Photograph by Angela Anderson
Humpback Whales are the most acrobatic of Tasmania's baleen whales. They often leap right out of the water - known as breaching.
Like all baleen whales they have a double blowhole. Distinguishing features include a 5m long pectoral fin (flipper) which is about one third of the whale's body length and has knobbly edges. Females are larger than the males, reaching up to 18m in length and weighting around 40 tonnes. They have a small but distinctive dorsal fin. The tail fin is scalloped and is often white underneath. Individuals can be identified by the scalloping pattern on the tail and the unique white patterning they have on the underside of the tail which they will often slap in the water or show before they dive.
They are blue/black in colour above (dorsally) with a lighter colour underneath with long grooves running from the mouth to navel. Close up you will notice some callosities (white bumps on the head). Generally they occur singly, or as mother and calf although spread groups of up to 20 have been recorded.
Distribution map of sightings and strandings (click to enlarge)
Humpback Whales occur worldwide and are most often seen in Tasmania during winter when they travel north from Antarctica to breed off the coast of mainland Australia and in spring on their return from their breeding grounds. They travel up both the east and west coast of Tasmania (within 10 nautical miles of the coast). East coast animals head for New South Wales and Queensland or cross northern Tasmania and join west coast animals heading for Western Australia.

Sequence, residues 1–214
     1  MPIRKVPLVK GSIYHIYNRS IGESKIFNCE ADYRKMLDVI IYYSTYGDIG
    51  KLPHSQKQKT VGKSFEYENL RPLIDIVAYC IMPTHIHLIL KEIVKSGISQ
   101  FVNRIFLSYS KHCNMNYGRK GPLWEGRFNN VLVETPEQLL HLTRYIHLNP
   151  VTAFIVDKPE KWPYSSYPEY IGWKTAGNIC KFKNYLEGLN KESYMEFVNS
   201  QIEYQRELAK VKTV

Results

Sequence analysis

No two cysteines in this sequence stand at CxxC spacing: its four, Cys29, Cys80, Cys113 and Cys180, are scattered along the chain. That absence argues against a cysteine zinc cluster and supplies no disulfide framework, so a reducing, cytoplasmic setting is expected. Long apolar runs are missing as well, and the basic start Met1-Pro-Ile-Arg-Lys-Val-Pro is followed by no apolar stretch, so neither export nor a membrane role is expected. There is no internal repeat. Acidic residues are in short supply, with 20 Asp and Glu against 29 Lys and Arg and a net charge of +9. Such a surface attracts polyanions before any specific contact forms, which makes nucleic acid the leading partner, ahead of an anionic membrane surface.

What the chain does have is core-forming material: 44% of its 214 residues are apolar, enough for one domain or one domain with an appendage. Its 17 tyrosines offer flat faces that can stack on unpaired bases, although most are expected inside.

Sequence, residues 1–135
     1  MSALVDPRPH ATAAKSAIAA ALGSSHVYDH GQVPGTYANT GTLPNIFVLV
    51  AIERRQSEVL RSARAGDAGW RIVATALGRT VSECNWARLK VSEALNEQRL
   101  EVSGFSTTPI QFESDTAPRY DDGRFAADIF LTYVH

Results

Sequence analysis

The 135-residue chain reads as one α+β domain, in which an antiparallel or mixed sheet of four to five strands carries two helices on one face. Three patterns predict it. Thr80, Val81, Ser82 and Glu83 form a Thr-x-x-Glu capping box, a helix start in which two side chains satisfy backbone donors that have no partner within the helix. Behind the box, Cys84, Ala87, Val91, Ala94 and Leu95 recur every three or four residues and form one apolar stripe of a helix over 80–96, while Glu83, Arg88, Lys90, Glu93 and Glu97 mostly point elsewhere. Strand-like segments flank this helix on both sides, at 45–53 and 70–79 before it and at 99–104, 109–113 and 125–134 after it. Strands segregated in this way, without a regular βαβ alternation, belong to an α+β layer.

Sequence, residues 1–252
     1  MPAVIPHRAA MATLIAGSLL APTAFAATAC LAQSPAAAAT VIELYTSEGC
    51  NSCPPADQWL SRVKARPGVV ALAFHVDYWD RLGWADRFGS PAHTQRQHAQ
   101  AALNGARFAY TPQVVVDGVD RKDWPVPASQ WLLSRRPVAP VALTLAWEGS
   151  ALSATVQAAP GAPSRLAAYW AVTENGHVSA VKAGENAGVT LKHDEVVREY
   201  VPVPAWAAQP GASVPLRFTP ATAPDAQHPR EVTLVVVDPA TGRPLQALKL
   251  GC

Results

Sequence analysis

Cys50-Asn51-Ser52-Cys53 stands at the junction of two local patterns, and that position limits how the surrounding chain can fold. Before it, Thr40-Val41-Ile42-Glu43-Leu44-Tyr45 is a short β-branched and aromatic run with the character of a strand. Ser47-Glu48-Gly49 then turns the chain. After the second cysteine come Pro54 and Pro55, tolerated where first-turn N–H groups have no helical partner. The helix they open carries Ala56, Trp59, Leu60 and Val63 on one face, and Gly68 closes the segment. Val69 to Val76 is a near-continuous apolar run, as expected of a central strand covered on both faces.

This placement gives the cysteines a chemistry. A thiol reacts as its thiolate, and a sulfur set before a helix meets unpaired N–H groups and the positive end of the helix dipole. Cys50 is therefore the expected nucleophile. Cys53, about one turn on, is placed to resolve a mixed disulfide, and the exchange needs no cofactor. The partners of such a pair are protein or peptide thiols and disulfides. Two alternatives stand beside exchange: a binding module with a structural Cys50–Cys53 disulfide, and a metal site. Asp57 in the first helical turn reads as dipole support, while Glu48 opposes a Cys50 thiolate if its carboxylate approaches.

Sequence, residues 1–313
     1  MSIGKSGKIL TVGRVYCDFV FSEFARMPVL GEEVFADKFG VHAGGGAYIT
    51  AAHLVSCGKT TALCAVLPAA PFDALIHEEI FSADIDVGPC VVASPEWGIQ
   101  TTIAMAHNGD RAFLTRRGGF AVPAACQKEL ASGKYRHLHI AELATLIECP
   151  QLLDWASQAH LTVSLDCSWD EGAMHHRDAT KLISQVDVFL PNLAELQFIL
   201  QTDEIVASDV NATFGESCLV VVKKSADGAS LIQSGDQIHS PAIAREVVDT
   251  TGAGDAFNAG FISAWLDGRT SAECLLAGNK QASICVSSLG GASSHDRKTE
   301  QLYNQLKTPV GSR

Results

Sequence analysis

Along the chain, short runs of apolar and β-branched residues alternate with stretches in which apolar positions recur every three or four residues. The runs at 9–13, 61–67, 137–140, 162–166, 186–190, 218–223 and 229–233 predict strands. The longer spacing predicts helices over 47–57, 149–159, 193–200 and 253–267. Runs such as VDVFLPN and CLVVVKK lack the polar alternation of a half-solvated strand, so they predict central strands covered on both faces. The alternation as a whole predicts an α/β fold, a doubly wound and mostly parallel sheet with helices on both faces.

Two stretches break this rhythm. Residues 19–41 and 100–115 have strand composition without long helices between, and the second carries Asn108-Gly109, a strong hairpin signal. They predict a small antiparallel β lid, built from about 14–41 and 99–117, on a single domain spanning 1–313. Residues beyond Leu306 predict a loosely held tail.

They breed every 2-3 years and calves are most at risk from shark and Orca attack at this time.
Humpback Whales feed co-operatively on schools of fish and are the baleen whales most at risk of entanglement in fishing nets. They are listed as endangered mostly due to past whaling. Numbers are now improving. In Tasmania, they are often spotted on their annual migrations. Male Humpback Whales hang upside down in the water and sing.
Listen to a small portion of the song of a Humpback Whale
(Recording courtesy of Cath Samson).
Humpback Whales are most likely to strand because of illness or disability and usually they strand individually or as a mother and calf. Calves are around 4m in length at birth and are usually independent at 10m. Dependent calves cannot survive without their mother. Over 20 single strandings of Humpback Whales have been recorded in Tasmania and a similar number in New Zealand. Multiple strandings within a short period may be related to an environmental issue that is affecting the whales.